A System of Natural Philosophy, in which the Principles of Mechanics, Hydrostatics, Hydraulics [etc.] are Familiarly Explained: To which are Added Questions for the Examination of the Pupils ...
Robinson, Pratt & Company, 1835
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angle appear atmosphere attraction axis balance ball barrel becomes body called cause centre circle colors common consequence convex described diameter direction distance earth eclipse effect electric equal equator exactly experiment Explain fall feet figure fixed fluid force forward fulcrum give given glass gravity greater half hand heat hence illustrated inches inclined increased kind length lens less lever light machine magnetic manner matter means mercury metals miles mirror moon motion move natural object orbit parallel particles pass piece piston plane poles position pounds pressure principle produced proportion pump quantity raised rays rays of light reason reflected refracted represented respect rise rope round screw seen side sound space standing stars substances Suppose surface thrown tion tube turned velocity vessel weight wheel whole
Page ii - In conformity to the act of Congress of the United States, entitled, " An act for the encouragement of learning, by securing the copies of maps, charts and books, to the authors and proprietors of such copies, during the times therein mentioned ;
Page 232 - It has already been explained, that the ecliptic is the plane of the earth's orbit, and is supposed to be placed on a level with the earth's horizon, and hence, that this plane is considered the standard, by which...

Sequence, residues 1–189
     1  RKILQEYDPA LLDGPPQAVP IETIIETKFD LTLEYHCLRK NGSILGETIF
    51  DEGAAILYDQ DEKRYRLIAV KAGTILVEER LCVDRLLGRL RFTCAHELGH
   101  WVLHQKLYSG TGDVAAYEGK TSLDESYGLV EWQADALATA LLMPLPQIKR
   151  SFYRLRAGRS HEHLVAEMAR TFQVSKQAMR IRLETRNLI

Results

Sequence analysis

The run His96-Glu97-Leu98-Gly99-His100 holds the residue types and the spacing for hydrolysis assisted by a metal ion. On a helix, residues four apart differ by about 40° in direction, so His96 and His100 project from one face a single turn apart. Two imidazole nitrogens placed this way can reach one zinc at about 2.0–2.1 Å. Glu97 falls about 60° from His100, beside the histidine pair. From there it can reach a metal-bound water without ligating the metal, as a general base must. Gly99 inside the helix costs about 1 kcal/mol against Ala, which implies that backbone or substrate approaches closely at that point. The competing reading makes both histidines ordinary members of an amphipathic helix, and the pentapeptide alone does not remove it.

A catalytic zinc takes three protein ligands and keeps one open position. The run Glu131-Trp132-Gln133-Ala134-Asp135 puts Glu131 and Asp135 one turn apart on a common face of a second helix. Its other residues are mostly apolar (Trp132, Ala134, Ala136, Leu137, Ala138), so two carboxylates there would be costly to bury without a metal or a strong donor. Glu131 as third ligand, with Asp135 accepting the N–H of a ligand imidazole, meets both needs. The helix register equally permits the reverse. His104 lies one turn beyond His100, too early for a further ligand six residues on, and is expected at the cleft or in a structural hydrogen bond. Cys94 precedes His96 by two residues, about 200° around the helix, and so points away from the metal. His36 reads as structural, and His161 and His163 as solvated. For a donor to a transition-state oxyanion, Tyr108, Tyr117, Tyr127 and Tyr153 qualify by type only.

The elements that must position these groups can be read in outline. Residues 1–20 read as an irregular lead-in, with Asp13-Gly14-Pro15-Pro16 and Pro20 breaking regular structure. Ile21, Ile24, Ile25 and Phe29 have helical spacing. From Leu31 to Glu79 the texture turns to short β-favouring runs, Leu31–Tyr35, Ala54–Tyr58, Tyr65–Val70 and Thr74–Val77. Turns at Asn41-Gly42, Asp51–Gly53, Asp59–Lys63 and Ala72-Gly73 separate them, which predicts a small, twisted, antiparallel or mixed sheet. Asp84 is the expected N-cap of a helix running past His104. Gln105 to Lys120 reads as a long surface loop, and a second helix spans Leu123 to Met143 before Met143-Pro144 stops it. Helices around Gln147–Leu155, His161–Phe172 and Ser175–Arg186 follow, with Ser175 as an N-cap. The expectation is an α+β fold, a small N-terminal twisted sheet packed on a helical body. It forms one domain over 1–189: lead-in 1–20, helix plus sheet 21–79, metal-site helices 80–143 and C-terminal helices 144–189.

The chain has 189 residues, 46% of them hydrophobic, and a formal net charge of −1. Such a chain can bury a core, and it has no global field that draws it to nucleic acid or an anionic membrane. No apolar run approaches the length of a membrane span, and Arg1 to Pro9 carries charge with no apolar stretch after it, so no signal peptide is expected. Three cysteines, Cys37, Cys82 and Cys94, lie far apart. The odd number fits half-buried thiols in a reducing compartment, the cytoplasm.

Page 206 - The names of the 12 signs of the zodiac are, Aries, Taurus, Gemini, Cancer, Leo, Virgo, Libra, Scorpio, Sagittarius, Capricorn, Aquarius, and Pisces. The...
Page 236 - ... degrees, or one half of the Earth. If, therefore, the axis of the Earth were perpendicular to the plane of its orbit, the days and nights would...
Page 215 - Different opinions have been entertained by astronomers respecting the cause of these belts and spots. By some they have been regarded as clouds, or as openings in the atmosphere of the planet, while others imagine that they are of a more permanent...
Page 130 - ... came to prepare with all haste for a storm. The barometer had begun to fall with appalling rapidity. As yet, the oldest sailors had not perceived even a threatening in the sky, and were surprised at the extent and hurry of the preparations: but the required measures were not completed, when a more awful hurricane burst upon them than the most experienced had ever braved. Nothing could withstand it; the sails already furled and closely bound to the yards, were riven away in tatters; even the bare...
Page ii - Wilson, of the said district, hath deposited in this office the title of a book, the right whereof he claims as author and proprietor, in the words following...
Page 205 - The circumference of every circle is supposed to be divided into 360 equal parts, called degrees ; and each degree into 60 equal parts, called minutes ; and each minute into 60 equal parts, called seconds ; and these into thirds, etc.
Page 260 - ... degrees. Did the planes of the orbits of the earth and moon coincide, there would be an eclipse of the moon at every full, for then the moon would pass exactly through the earth's shadow.
Page 197 - From this it is evident that, if the eye of the spectator is moved to another position, he will not see the red ray coming from the same drop of rain, but only the blue, and if to another position, the green, and so of all the others. But in a shower of rain, there are drops at all heights and distances, and though they perpetually change their places, in respect to the sun and the eye, as they fall, still there will be many which will be in such a position as to reflect the red rays to the. eye,...